SLAVE AFRICAN AMERICAN Continental Army pay signed JEFF LIBERTY Connecticut 1782 For Sale



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SLAVE AFRICAN AMERICAN Continental Army pay signed JEFF LIBERTY Connecticut 1782:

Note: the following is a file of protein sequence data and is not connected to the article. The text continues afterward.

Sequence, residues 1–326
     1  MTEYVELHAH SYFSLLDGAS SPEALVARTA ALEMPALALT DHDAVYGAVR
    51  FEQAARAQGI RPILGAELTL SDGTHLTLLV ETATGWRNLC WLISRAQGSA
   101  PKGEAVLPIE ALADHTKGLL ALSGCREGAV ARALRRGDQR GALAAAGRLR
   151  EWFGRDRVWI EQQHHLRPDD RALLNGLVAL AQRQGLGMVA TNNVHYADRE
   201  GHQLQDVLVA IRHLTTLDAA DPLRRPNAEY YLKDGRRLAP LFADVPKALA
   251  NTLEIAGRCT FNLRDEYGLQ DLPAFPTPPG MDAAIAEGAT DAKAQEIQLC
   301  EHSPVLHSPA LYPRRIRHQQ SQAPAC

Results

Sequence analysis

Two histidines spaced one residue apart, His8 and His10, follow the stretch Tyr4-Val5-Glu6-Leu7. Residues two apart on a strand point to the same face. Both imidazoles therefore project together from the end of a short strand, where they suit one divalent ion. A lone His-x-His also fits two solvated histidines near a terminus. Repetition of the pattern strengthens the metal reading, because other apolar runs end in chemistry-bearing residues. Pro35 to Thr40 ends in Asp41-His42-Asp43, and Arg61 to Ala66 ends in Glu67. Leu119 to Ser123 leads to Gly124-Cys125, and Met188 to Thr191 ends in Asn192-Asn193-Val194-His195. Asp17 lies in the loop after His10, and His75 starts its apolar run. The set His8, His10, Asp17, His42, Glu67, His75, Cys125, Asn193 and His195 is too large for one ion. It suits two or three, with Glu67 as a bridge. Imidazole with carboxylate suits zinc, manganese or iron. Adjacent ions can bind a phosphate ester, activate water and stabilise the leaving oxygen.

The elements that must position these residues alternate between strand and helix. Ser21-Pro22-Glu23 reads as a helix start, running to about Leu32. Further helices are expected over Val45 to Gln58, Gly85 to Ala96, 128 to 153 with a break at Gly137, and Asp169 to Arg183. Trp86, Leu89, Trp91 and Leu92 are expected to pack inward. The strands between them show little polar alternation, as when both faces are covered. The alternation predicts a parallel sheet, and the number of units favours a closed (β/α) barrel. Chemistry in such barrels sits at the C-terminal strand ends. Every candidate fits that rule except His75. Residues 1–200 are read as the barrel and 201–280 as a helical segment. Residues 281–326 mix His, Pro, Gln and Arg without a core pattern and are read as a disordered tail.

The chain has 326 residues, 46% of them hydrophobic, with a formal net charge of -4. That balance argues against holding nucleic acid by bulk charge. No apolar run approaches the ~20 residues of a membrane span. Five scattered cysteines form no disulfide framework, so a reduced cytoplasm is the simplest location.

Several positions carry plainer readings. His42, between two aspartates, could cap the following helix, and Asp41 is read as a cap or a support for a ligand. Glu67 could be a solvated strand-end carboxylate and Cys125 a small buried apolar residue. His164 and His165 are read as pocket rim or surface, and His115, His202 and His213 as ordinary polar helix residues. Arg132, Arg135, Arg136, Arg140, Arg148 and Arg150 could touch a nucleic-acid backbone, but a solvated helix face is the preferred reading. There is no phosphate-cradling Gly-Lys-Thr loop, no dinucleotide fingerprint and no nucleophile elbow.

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Partially printed Continental Army pay note signed JEFF LIBERTY : "State of Connecticut, Treasury Office, June 1, A.D. 1782." Pvt. Liberty was born a slave—and we just don’t know too much more about himWe know he entered the war at age 55, survived to gain freedom, a wife, two daughtersand a small piece of land. He died when he was 72. He must have been well tendedand cared about in his life CTSSAR Color Guard recently visited Old Judea Cemetery in Washington, Conn. to honor Pvt. Jeff Liberty.Pvt. Liberty was a black soldier who served in the Continental Army during the American Revolution. The Color Guard dedicated a new head stone at his grave in his honor. Judea Cemetery, also known as Old Judea Cemetery, is a colonial era burying ground located on Judea Road in Washington, Connecticut. Before it became a separate town in 1779, and chose to name itself "Washington", the area was known as "Judea", and was part of Woodbury, Connecticut. Judea Cemetery is the site of a monument in honor of "Jeff Liberty and His Colored Patriots", erected in the early 20th century, and is thought to be the resting place of a number of African-American soldiers who served in the American Revolutionary War, including Jeff Liberty. Liberty was owned by Continental Army Captain Jonathan Ferrand, who is buried in Old Judea, and he (Liberty) earned his freedom by fighting in the Continental Army. "Liberty" is known to have been chosen as a surname by a number of slaves freed in this era.[1][2] Jeff Liberty-Buried in a cemetery inWashington, Ct. Cothran's "History ofWoodbury" indicates that he was the slaveof Jonathan Farrand and had been freed forenlisting in the war (p. 783>. Liberty servedin the Fourth R~giment of Ct. from June 27through October 11, 1781. According tomanuscript records at the State Library a surgeon in the Fourth Regiment that Liberty was too old and "too infirm to endure thefatigues of camp and is an improper subjectfor the Army." He was discharged in October. Liberty's grave in the Judea Cemeteryin Washington, CT, is marked with a plaqueplaced by the local Sons of Liberty chapter. FORT MEADE, Md. (Feb. 27, 2013) -- It's the winter of 1777-1778. Under Gen. George Washington, the Continental Army is waiting out the winter at Valley Forge, Penn. Just one year earlier, they had led lighting-fast, surprise attacks against the British at Trenton and Princeton, N.J. But now, many of the Soldiers are without shoes and blankets. They're starving. They're suffering from exposure, typhus, dysentery and pneumonia. They're dying and they're deserting and Washington has no way to replace them. States aren't meeting their militia quotas. There simply aren't enough willing and able men to left to fight -- willing and able white men, that is. At the start of the war, Washington had been a vocal opponent of recruiting black men, both free and especially slaves. He wasn't alone: Most southern slave owners (and many northern slave owners), found the idea of training and arming slaves and thereby abetting a possible slave rebellion far more terrifying than the British. Black men had long served in colonial militias and probably even saw action during the French and Indian War, explained retired Maj. Glenn Williams, a historian at the U.S. Army Center for Military History, but they had usually been relegated to support roles like digging ditches. In fact, he continued, most southern militias had been created precisely to fight off slave insurrections. As war with Britain broke out in the spring of 1775, however, Massachusetts patriots needed every man they could get, and a number of black men -- both slave and free -- served bravely at Lexington and Concord and then at the Battle of Bunker Hill. In fact, according to documents archived on www.fold3.com, a former slave named Salem Poor performed so heroically at Bunker Hill -- exactly what he did has been lost to history -- that 14 officers wrote to the Massachusetts legislature, commending him as a "brave and gallant Soldier" who deserved a reward. Valor like this wasn't enough, however, and shortly after his appointment as commander in chief, Washington signed an order forofferding the recruitment of all blacks. The British saw an opportunity to divide the colonies, however, and the royal governor of Virginia offered freedom to any slave who ran away to join British forces. Thousands took him up on it, and Washington relented almost immediately. In fact, the famous picture of him crossing the Delaware on Christmas Day, 1776, also features a black Soldier who many historians, according to "Come all you Brave Soldiers" by Clinton Cox, believe is Prince Whipple, one of Washington's own bodyguards, who had been kidnapped into slavery as a child and was serving in exchange for freedom. Another black Soldier, Primus Hall, reportedly tracked down and single-handedly captured several British soldiers after the battle of Princeton a week later. These were freemen, however, freemen and slaves who were serving in place of their masters, fighting for freedom they would never see for themselves. (In many cases, their enlistment bonuses or even their pay went straight to their masters.) Washington still wasn't prepared to go as far as recruiting and freeing slaves, but many northerners had begun to question how they could call for freedom and enslave others. As that terrible winter at Valley Forge dragged on, the state of Rhode Island learned it needed to raise more troops than it could supply. State legislators not only promised to free all black, Indian and mulatto slaves who enlisted in the new 1st Rhode Island Regiment, but offered to compensate their owners. Desperate for manpower, Washington reluctantly agreed, and more than 140 black men signed up for what was better known as the "Black Regiment," according to Williams, and served until Gen. Lord Charles Cornwallis surrendered at Yorktown, Va., in 1781. In fact, they fought so bravely and inflicted so many casualties on Hessian mercenaries during the battle of Newport, R.I., in the summer of 1778, that Williams said one Hessian officer resigned his commission rather than lead his men against the 1st Rhode Island after the unit had repelled three fierce Hessian assaults. He didn't want his men to think he was leading them to slaughter. The 1st Rhode Island was a segregated unit, with white officers and separate companies designated for black and white Soldiers. It was the Continental Army's only segregated unit, though. In the rest of the Army, the few blacks who served with each company were fully integrated: They fought, drilled, marched, ate and slept alongside their white counterparts. There was never enough food or clothes or even pay for anyone, but they shared these hardships equally. After watching a review of the Continental Army in New York, one French officer estimated that as much as a quarter of the Army was black. He may have been looking at the 1st Rhode Island or units from Connecticut and New Jersey, which also had high rates of black enlistment, Williams explained. Many muster roles have been destroyed so there isn't an exact count, but Williams said most historians believe that 10 to 15 percent is a more accurate representation of black Soldiers who served in the Revolution. They served in almost every unit, in every battle from Concord to Fort Ticonderoga to Trenton to Yorktown. "I've heard one analysis say that the Army during the Revolutionary War was the most integrated that the Army would be until the Korean War," Williams said. "World War I and World War II both, and of course in the Civil War, there were lots of blacks in uniform, but the men were segregated into separate units. Even the Rhode Island regiment was half black, half white, and the men were segregated into their own companies, but in the rest of the Army, they were integrated throughout the regiments." It was a war for freedom, not only for their country, but for themselves. After the men of the1st Rhode Island and other black Soldiers served bravely at Yorktown alongside southern militiamen whose jobs it had been to round up runaway slaves, the war gradually drew to a close. Soldiers began to trickle home. Some black Soldiers like those in the 1st Rhode Island, went on to new lives as freemen. Far too many, however, returned to the yoke of slavery, some for a few years until their masters remembered promising to free them if they served, but others, having fought for freedom, were doomed to remain slaves forever. And then they were forgotten. The new Congress passed laws forofferding blacks to serve in the military, and by the time it offered pensions to the veterans of the Revolutionary War, Williams said that most of the black heroes were already dead. He calls their service and their heroism "invaluable." It "came at a time when the new United States needed it very badly and they stepped up and they took their place in the ranks. If they were misrepresented in our histories before, then we owe it to them to make sure we include it now, because they certainly did their part to earn not only their own freedom, but ours as well. We should never forget that for them, it was a double fight for liberty: their own and their country's." Gov. Walcott Branch #10, CT Society of the Sons of the American RevolutionGraveside Ceremony Honoring Jeffrey Liberty: Patriot and SlaveSaturday October 19, 2019 | 11 amOld Judea Cemetery, Jude Cemetery Rd,Washington, CtPersonal Commentary: On LibertyPat Wilson Pheanious, JD, MSWRep. District 53Good Morning:I want to thank the—Sons of the American Revolution for hosting this ceremony and inviting meto offer reflections on the occasion.For although we honor Jeffrey Liberty—we are in reality recognizing and honoring many menlike him —men not known to us, but to whom we owe our property, our dignity and our freelives.At this ceremony you bind together patriotism, history and education.You inform and preserve truth in our memory of that war where we took our freedom. Many men have died in too many wars in defense of this nation’s liberty.And far too many of them have been forgotten.That fate was especially likely for men like Jeffrey Liberty—American Patriots of Color.Pvt. Liberty was born a slave—and we just don’t know too much more about himWe know he entered the war at age 55, survived to gain freedom, a wife, two daughtersand a small piece of land. He died when he was 72. He must have been well tendedand cared about in his life.But Oh, we know the irony of his name. LIBERTY. LIBERTY!The name given to a man born a slave.Was this a cruel joke, a prayer…a constant yearning, or a prophecy?We gather today to reflect, and—to bring a long lost dignity to a simple man.A man who fought for his freedom while fighting for the freedom of a precious Ideal:AMERICA.When I reviewed today’s program, I noticed in Pvt. Liberty’s biography that the word “owned”was in quotation marks. It started me thinking:I understand that in this day and age, the concept of “OWNING” someone seems foreign anduncomfortable. It should.But I think that to truly appreciate the LIBERTY we enjoy….we may need to be reminded ofwhat it meant to be enslaved.A person enslaved, forfeit his status as a human being.Forfeit the protection of society.Forfeit the right to protect oneself — to protect his own children.An enslaved person’s only value was in what he could do for his owner.A person owned could be sold away from all he knew and loved.Whether she lived, bore children or died was based on somebody else’s need orwhim.The past didn’t matter; nor could connections to others in the present.The future was always uncertain.A slave couldn’t own anything, and could not benefit from his own efforts.He was discouraged from any recognition of personal achievement.He could not legally marry, learn to read, or gather in groups of more than two withoutserve — these things had limited utility, becausethe fruits of an enslaved man’s efforts accrued to somebody else.There was no point in saving because nothing could be protected or passed on. Slavery stole value from people who looked like me.It appropriated their talentsIt tried to steal their humanity, their identity, their dignity and their self-worth.It cruelly separated people from their culture, their history, and all the things thatgive our lives purpose and meaning.I know that some people don’t like to talk about slavery, because it is uncomfortable, painful,and because it happened so long ago. But if we do not listen to history we cannot learn from it. If we do not discuss such things, we cannot develop words to teach truth and tolerance to ourchildren. If we won’t teach our children truth, we will doom them to a life of ignorance andpsychic pain.LIBERTY. ….LIBERTY!Can we truly know what the word means to this country, what the state of being free is…. if weallow ourselves to forget its opposite?Jeffrey Liberty and many Black men fought for their freedom by fighting for the freedomof a country which would so often continue —to deny freedom to them.Last year I had a special and unique experience.I gained 5 generations of personal history in a single afternoon.Dennis Culliton, a master at ancestry and then a teacher at Addams Middle School hadfor some time researched the history of Guilford and the forgotten people who hadhelped to build it.He founded the Witness Stones project—an educational program based on a model usedin Germany recognizing forgotten holocaust victims. After extensive research of primarysources— wills, property, probate documents and church records, a small marker isplaced —a testament acknowledging, “We know you were here and your life matters”.Under his leadership, Dennis and his students carefully researched the lines of Mossesand Phyllis—two teenagers kidnapped from Africa and brought to the home of aGuilford Merchant.The students found their daughter Flora— who married the freedman Sharper Rogersand hadCeasar Rogers who hadAbel Rogers whose daughter marriedAlexander Wilson who hadWilliam Wilson who hadBertram Wilson Sr. who hadMy father, Lt. Col Bertram Wilson, Jr. who married my mother and had me!Dennis was elated to have found a living end to his tireless research.In one afternoon I learned of this lineage. And that experience caused me to want to learn moreabout what was now, MY American History. So I studied.And when I did I was surprised to learn things nobody ever taught me when I was in school.In my education there was.LOST CONTEXT:I had no idea there were slaves in Connecticut. I always thought slavery was more or less asouthern plantation thing.I learned that Slavery was practiced by Europeans prior to arrival in the Americas andthat it was important to all of the colonial powers and existed in all of the European NorthAmerican Colonies.I never understood the intentionality or pervasive impact of slavery. I never fullyappreciated that Slavery was an institution of power designed not just to create maximumprofit but to break the will of the enslaved.Slavery was a relentless quest for profit… abetted by racism. And it is written into ourConstitution and the early laws of most of our state. My education didn’t help meunderstand how Slavery shaped the fundamental beliefs of Americans about race andwhiteness…..that white supremacy was both a product and legacy of slavery.LOST HISTORY.I was astounded to learn that at least 820 African American soldiers and seamen fromConnecticut served in the Revolutionary War!That was almost 16% of the 5000 who served from all 13 colonies!Some estimate that up to 10,000 Black Men served in the Revolutionary War.These men fought for their freedom on both sides of the line.There were Black patriots—but there were also Black men who, when promised theirfreedom, fought for the Crown. When the English were defeated, some of these menfled to Novia Scotia and Jamaica. Most were returned to slavery by the English. WhileI’m glad that my ancestors were on the right side of history, I have trouble condemningthe desperate people who fought for anyone that would make them free.Did you know that no less than 80 Connecticut towns are connected to an AfricanAmerican Revolutionary War Patriot.African American men served in at least the 1st through 9th Connecticut Regiment andother units, in the Continental Army.Only last year did I learn that my 5th Great Grandfather, Sharper Rogers served in the 6thConnecticut Regiment as a freedman. He had been free for some time he enlisted. Soimportant to him was the idea of Liberty that he fought for the nascent America. He hadnothing to gain and everything to lose. Still he fought.Only last week I learned that Grandpa sharper also fought alongside the man we honortoday. Apparently when the 6th regimen was restructured, Sharper was moved to ColHumphrey’s Colored Troops—where for at least a year he served in Jeff Liberty’s unit!I didn’t know these things. I am 69 years old. And I have to wonder why a lifetime of the bestAmerican education failed me.You have asked me to provide personal reflections on this occasion. My feelings are complex.First: It pains me that men like Jeff Liberty, my fifth Great Grandfather, and so many thousandsof men have been so long forgotten.Second: I am also gratified that those who keep the legacy of the American Revolution are nowpublicly recognizing the humanity of their nearly forgotten SONS.But most important—an event like this, recognizes my forefathers’ contribution to the birth ofthis nation, and cements in me an indelible sense of belonging and entitlement to this Americanland….Understand me:Even before I learned my history I’ve never felt estranged from this county. I knew I hailed from a distant Africa, but American was all I knew and had.I was raised to be a patriot and to value public service by my father, a man whofought IN THREE WARS—he was a Tuskegee Airman in WII, and as asupervising officer in Korea and in Vietnam.I was raised to understand what it is to be an American, how precious our freedomand our constitution.—how limitless my potential. I was taught how to makemyself strong so I could help build this country and protect her from enemiesforeign and domestic.But, the fact is, that so much lost history, intentional lack of acknowledgement and the norm ofexclusionary treatment, caused me, in most of my younger years, to observe that my presence inthis country was begrudged.I’ve always felt that people like me were like the Nation’s poor relations— tolerated, involuntary“visitors,” unwelcome in this country.Is it any wonder that frustrated people scream “Black Lives Matter?” The objective reality is thatfar too often, they simply don’t.Learning that my family’s roots go back to before this country was born, gives me a sense ofpride and destiny. I don’t have to intuit. I have proof that the sweat and blood of my forefatherscourses through this country’s veins. I am a vibrant and indelible part of this nation’s fabric.With this knowledge:No one will ever again be able to tell me that I should go back to where I came from.Clearly, I am home. I can trace my roots further back than most of the come-latelyimmigrants who might try to make me feel “other” than I am. My roots go back to a timebefore the American ideal itself had a home.I am sad that such taunts ever hurt me.And I am angry that they so unfairly hurt others whose ancestors’ contributions were lost,stolen or strayed.An occasion like this one gives me hope.Hope that patriotism, education and History can be bound together—and will stay thatway.Hope that people who look like me can be nourished by attention to contributions madeso long ago but never acknowledged.I am GRATEFUL that I live in a nation born free.I am PROUD that my folks helped secure that freedom.I am CURIOUS about history’s truths, yet to be uncovered.And, I CHERISH the opportunity to share my experiences, gain new knowledge and teach amore complete history— one with accurate perspectives on how our country grew and why it hasthe potential to become truly great. Jeffrey Liberty fought from bondage to freedom.He did not surrender to doubt— nor to uncertainty— nor efforts to steal his humanity. He earnedthe land he fought to protect, and lived to pass it on.His efforts and those of other forgotten Black men set an example and left a foundational legacyon which my abilities and ambitions could thrive.Today we make a place of honor for this simple man— one where his dignity will be securedforever and where his weary soul can rest. CTSSAR Color Guard recently visited Old Judea Cemetery in Washington, Conn. to honor Pvt. Jeff Liberty.Pvt. Liberty was a black soldier who served in the Continental Army during the American Revolution. The Color Guard dedicated a new head stone at his grave in his honor. Judea Cemetery, also known as Old Judea Cemetery, is a colonial era burying ground located on Judea Road in Washington, Connecticut. Before it became a separate town in 1779, and chose to name itself "Washington", the area was known as "Judea", and was part of Woodbury, Connecticut. Judea Cemetery is the site of a monument in honor of "Jeff Liberty and His Colored Patriots", erected in the early 20th century, and is thought to be the resting place of a number of African-American soldiers who served in the American Revolutionary War, including Jeff Liberty. Liberty was owned by Continental Army Captain Jonathan Ferrand, who is buried in Old Judea, and he (Liberty) earned his freedom by fighting in the Continental Army. "Liberty" is known to have been chosen as a surname by a number of slaves freed in this era.[1][2] Jeff Liberty-Buried in a cemetery inWashington, Ct. Cothran's "History ofWoodbury" indicates that he was the slaveof Jonathan Farrand and had been freed forenlisting in the war (p. 783>. Liberty servedin the Fourth R~giment of Ct. from June 27through October 11, 1781. According tomanuscript records at the State Library a surgeon in the Fourth Regiment that Liberty was too old and "too infirm to endure thefatigues of camp and is an improper subjectfor the Army." He was discharged in October. Liberty's grave in the Judea Cemeteryin Washington, CT, is marked with a plaqueplaced by the local Sons of Liberty chapter. In “The Negro in the American Revolution,” Benjamin Quarlessaid the African-American was “a participant and a symbol. He wasactive on the battlefronts and behind the lines . . . The Negro’s rolein the Revolution can best be understood by realizing that his majorloyalty was not to a place nor to a people, but to a principle. Insofaras he had freedom of choice, he was likely to join the side that madehim the quickest and best offer in terms of those ‘unalienable rights’of which Mr. Jefferson had spoken.”African-Americans served in the Massachusetts companies and inthe state militias of northern states. The Rhode Island regiment atYorktown was three-fourths black. African-Americans also servedin the navy. It is estimated that about 5,000 African-Americansserved in the war.Many African-Americans fought with the British since the Britishcommander, Sir Henry Clinton, offered freedom to slaves whowould fight for the King. The British used the runaway slavesas guides, spies and laborers (carpenters, blacksmiths, etc.). Byusing the African-Americans as laborers, whites were free to besoldiers.Many slaves left when the British evacuated after the end of the war.Quarles says. “Thousands of Negroes were taken to other islandsin the British West Indies . . . Practically all the black immigrantswere slaves. Many had been brought in as slaves, but many otherswho came expecting to be free were seized by those holding nolegal title . . .”.The Continental Army had two all-black units and a third unit camefrom Haiti. The First Rhode Island Regiment had ninety-five exslaves and thirty freedmen. This unit served throughout the entirewar. Another unit was Boston’s Bucks of America, led by GeorgeMiddleton. Very few facts are known about this group. They gaveBoston merchant’s property as recognition for protection andGovernor John Hancock awarded them a special medallion andflag.A number of black soldiers fought in the patriot ranks at the Battleof Kings Mountain. Pension records indicate that five and possiblysix African-Americans fought for the Patriot cause.Five African-American participants at Kings Mountain:Essius (Esaius) Bowman - a free man, served in Captain JoelLewis’ company from Virginia. He is said to have been one of themen who shot Patrick Ferguson, commander of the Loyalist forceAfrican-Americans in the Revolution1) list the responsibilitiesof African-American soldiersin the Revolution, and; 2) discuss the contributionsof at least three AfricanAmericans of the era.3) identify dutiesmost often performed 1at Kings Mountain.John Broddy - a servant, was with Colonel William Campbellof Virginia. Although he did not bear arms, he was near enoughto the battle to observe the action and while riding horsebacknearby was fired upon by Loyalists mistaking him for ColonelCampbell.Andrew Ferguson - a freeman of Virginia stated that both hisfather and mother were free persons. He was drafted early inJanuary 1780 at the age of fifteen. Two weeks prior to beingdrafted, while with his father, Andrew Peeley, he was takenprisoner by a British pressgang. After escaping, he and hisfather were under the command of Captain William Harris andColonel William McCormick. The first engagement in whichFerguson took part was the battle at Allegheny. He recalled thatColonel Morgan, Colonel McCormick, Captain Harris, and thetwo British officers who had captured him were in the battle.Ferguson was in the battles of Maumie, Brandywine (as wasMajor Patrick Ferguson who was the Loyalist Commander killedat Kings Mountain), a battle in Rowan County, North Carolina,Camden (not in the main action, but nonetheless was shot in theleg), Musgrove’s Mill, Kings Mountain, Cowpens, and GuilfordCourthouse. He was wounded in the head at Guilford Courthouse(which was treated by insertion of a plate made of hammeredsilver coins) but went on to fight in the battle of Ninety Six andEutaw Springs. He was granted a pension on his applicationexecuted on August 16, 1838 while residing in Monroe County,Indiana. In 1851 he stated he was aged about ninety-six years. Awell-known and widely respected citizen of the state, Fergusonwas granted 160 acres of bounty land on an application filed in 1855.Primes (also called Primus) - a free man, applied for pension December 16, 1846 while residing in RoanCounty, Tennessee, and aged eighty-six years. He said that he enlisted during 1777. Part of the time hewas under Captains Garter, Abbot, Locke, and Colonel Williams. He was taken prisoner at Charleston,was paroled, violated his parole, and rejoined the army. Primus was again taken prisoner, this time at GumSwamp, and was again released. He was in the battle at Camden (where he was wounded in the head),Kings Mountain, Cowpens, Guilford Courthouse, Eutaw Springs, and the siege of Yorktown. Primes leftno widow at his death, but one son, Primes, Jr., survived him.Ishmael Titus - was born a slave and when aged about thirteen years was sold to John and Richard Marrwho lived on the Dan River in North Carolina and owned an interest in Troublesome Iron Works. He livedwith them a long time and was then sold to Lawrence Ross.While residing with Ross in Rowan County, North Carolina, Titus substituted for Ross who had been draftedfor a one year tour. Titus was promised his freedom in exchange. During this service Titus was stationedat Fort Independence and was in several encounters against Indians and Loyalists. Thereafter, he enlisted,and arrived at Gates’ defeat just as the American force began to withdraw. Titus was under Captain JohnCleveland and Colonel Cleveland in the battles of Deep River and Kings Mountain. Later he enlisted underGeneral Greene and was in the battle of Guilford Courthouse. Titus filed a pension application on October10, 1832 while residing in Berkshire County, Massachusetts, and aged eighty-nine years.Illustrations by Frieda CollinsIV-B: 2Some African-Americans who played a significant role in the American Revolution were:Crispus Attucks - an African-American member of the Sons of Liberty who was the first person killed inthe Boston Massacre, March 5, 1770.Prince Easterbrooks - a slave in Lexington who had enlisted in Captain John Parker’s militia and whowas wounded at Concord, April 19, 1775.Peter Salem - a slave who was one of about 20 black soldiers at the Battle of Bunker Hill. John Trumbull(who witnessed the battle) painted Salem in his “Battle of Bunker Hill.” Salem is credited with killing theBritish leader, Major Pitcairn, in the battle.Salem Poor - a freeman who enlisted in the militia and fought at the Battle of Bunker Hill. He also servedat Valley Forge and White Plains.William Lee - a slave bought by George Washington in 1768, he served with Washington throughout thewar and returned to Mount Vernon where he lived the rest of his life. He is pictured in John Trumbull’s“George Washington, 1780.” The will left by Washington freed him and gave him $30 a year.Oliver Cromwell - enlisted in a company attached to the Second New Jersey Regiment. He was at theBattles of Trenton, Princeton, Brandywine, Monmouth, and Yorktown. He served with Washington fornearly 7 years. His discharge was written by Washington. He lived to be 101, dying in 1853.Thomas Peters - Born in Africa, he was kidnapped and became a slave on a plantation perhaps in Louisiana.He was in North Carolina when the war began. He fought during the entire war and was wounded twice.After the war, the British took him to Nova Scotia but did not keep the promises of land grants to Peters andothers. He went to London to complain to the government. While there, he was approached by a companyto lead a group back to Africa. In 1792, he took eighty-four people, including his wife and six children toFreetown, Sierra Leone. He is considered one of the founders of Sierra Leone even though he died shortlyafter returning to Afric Only 50 years after the defeat of the British at Yorktown, most Americans had already forgotten the extensive role black people had played on both sides during the War for Independence. At the 1876 Centennial Celebration of the Revolution in Philadelphia, not a single speaker acknowledged the contributions of African Americans in establishing the nation. Yet by 1783, thousands of black Americans had become involved in the war. Many were active participants, some won their freedom and others were victims, but throughout the struggle blacks refused to be mere bystanders and gave their loyalty to the side that seemed to offer the best prospect for freedom. By 1775 more than a half-million African Americans, most of them enslaved, were living in the 13 colonies. Early in the 18th century a few New England ministers and conscientious Quakers, such as George Keith and John Woolman, had questioned the morality of slavery but they were largely ignored. By the 1760s, however, as the colonists began to speak out against British tyranny, more Americans pointed out the obvious contradiction between advocating liberty and owning slaves. In 1774 Abigail Adams wrote, “it always appeared a most iniquitious scheme to me to fight ourselves for what we are daily robbing and plundering from those who have as good a right to freedom as we have.” Widespread talk of liberty gave thousands of slaves high expectations, and many were ready to fight for a democratic revolution that might offer them freedom. In 1775 at least 10 to 15 black soldiers, including some slaves, fought against the British at the battles of Lexington and Bunker Hill. Two of these men, Salem Poor and Peter Salem, earned special distinction for their bravery. By 1776, however, it had become clear that the revolutionary rhetoric of the founding fathers did not include enslaved blacks. The Declaration of Independence promised liberty for all men but failed to put an end to slavery; and although they had proved themselves in battle, the Continental Congress adopted a policy of excluding black soldiers from the army. In spite of these discouragements, many free and enslaved African Americans in New England were willing to take up arms against the British. As soon states found it increasingly difficult to fill their enlistment quotas, they began to turn to this untapped pool of manpower. Eventually every state above the Potomac River recruited slaves for military service, usually in exchange for their freedom. By the end of the war from 5,000 to 8,000 blacks had served the American cause in some capacity, either on the battlefield, behind the lines in noncombatant roles, or on the seas. By 1777 some states began enacting laws that encouraged white owners to give slaves for the army in return for their enlistment bounty, or allowing masters to use slaves as substitutes when they or their sons were drafted. In the South the idea of arming slaves for military service met with such opposition that only free blacks were normally allowed to enlist in the army. Most black soldiers were scattered throughout the Continental Army in integrated infantry regiments, where they were often assigned to support roles as wagoners, cooks, waiters or artisans. Several all-black units, commanded by white officers, also were formed and saw action against the British. Rhode Island’s Black Battalion was established in 1778 when that state was unable to meet its quota for the Continental Army. The legislature agreed to set free slaves who volunteered for the duration of the war, and compensated their owners for their value. This regiment performed bravely throughout the war and was present at Yorktown where an observer noted it was “the most neatly dressed, the best under arms, and the most precise in its maneuvers.” Although the Southern states were reluctant to recruit enslaved African Americans for the army, they had no objections to using free and enslaved blacks as pilots and able-bodied seaman. In Virginia alone, as many as 150 black men, many of them slaves, served in the state navy. After the war, the legislature granted several of these men their freedom as a reward for faithful service. African Americans also served as gunners, sailors on privateers and in the Continental Navy during the Revolution. While the majority of blacks who contributed to the struggle for independence performed routine jobs, a few, such as James Lafayette, gained renown serving as spies or orderlies for well-known military leaders. Black participation in the Revolution, however, was not limited to supporting the American cause, and either voluntarily or under duress thousands also fought for the British. Enslaved blacks made their own assessment of the conflict and supported the side that offered the best opportunity to escape bondage. Most British officials were reluctant to arm blacks, but as early as 1775, Virginia’s royal governor, Lord Dunmore, established an all-black “Ethiopian Regiment” composed of runaway slaves. By promising them freedom, Dunmore enticed over 800 slaves to escape from “rebel” masters. Whenever they could, enslaved blacks continued to join him until he was defeated and forced to leave Virginia in 1776. Dunmore’s innovative strategy met with disfavor in England, but to many blacks the British army came to represent liberation.